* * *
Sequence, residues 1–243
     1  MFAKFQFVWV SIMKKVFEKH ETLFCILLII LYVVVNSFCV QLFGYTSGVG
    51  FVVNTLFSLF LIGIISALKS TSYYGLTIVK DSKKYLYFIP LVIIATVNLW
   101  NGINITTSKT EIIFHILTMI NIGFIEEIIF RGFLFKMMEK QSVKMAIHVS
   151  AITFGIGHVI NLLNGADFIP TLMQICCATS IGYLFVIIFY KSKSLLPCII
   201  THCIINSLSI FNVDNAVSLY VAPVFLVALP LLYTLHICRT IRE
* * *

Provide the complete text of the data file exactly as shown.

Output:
Sequence, residues 1–243
     1  MFAKFQFVWV SIMKKVFEKH ETLFCILLII LYVVVNSFCV QLFGYTSGVG
    51  FVVNTLFSLF LIGIISALKS TSYYGLTIVK DSKKYLYFIP LVIIATVNLW
   101  NGINITTSKT EIIFHILTMI NIGFIEEIIF RGFLFKMMEK QSVKMAIHVS
   151  AITFGIGHVI NLLNGADFIP TLMQICCATS IGYLFVIIFY KSKSLLPCII
   201  THCIINSLSI FNVDNAVSLY VAPVFLVALP LLYTLHICRT IRE